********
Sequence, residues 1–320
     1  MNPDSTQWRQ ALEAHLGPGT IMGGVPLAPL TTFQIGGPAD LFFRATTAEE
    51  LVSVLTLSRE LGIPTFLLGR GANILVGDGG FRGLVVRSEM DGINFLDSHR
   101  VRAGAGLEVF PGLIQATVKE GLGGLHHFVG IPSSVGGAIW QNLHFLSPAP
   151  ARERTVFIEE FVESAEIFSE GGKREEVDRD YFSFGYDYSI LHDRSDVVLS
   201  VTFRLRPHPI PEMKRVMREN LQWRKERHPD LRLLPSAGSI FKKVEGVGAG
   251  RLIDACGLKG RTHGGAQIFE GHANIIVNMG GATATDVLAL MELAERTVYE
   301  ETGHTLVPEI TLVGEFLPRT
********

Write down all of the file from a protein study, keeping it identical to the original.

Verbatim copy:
Sequence, residues 1–320
     1  MNPDSTQWRQ ALEAHLGPGT IMGGVPLAPL TTFQIGGPAD LFFRATTAEE
    51  LVSVLTLSRE LGIPTFLLGR GANILVGDGG FRGLVVRSEM DGINFLDSHR
   101  VRAGAGLEVF PGLIQATVKE GLGGLHHFVG IPSSVGGAIW QNLHFLSPAP
   151  ARERTVFIEE FVESAEIFSE GGKREEVDRD YFSFGYDYSI LHDRSDVVLS
   201  VTFRLRPHPI PEMKRVMREN LQWRKERHPD LRLLPSAGSI FKKVEGVGAG
   251  RLIDACGLKG RTHGGAQIFE GHANIIVNMG GATATDVLAL MELAERTVYE
   301  ETGHTLVPEI TLVGEFLPRT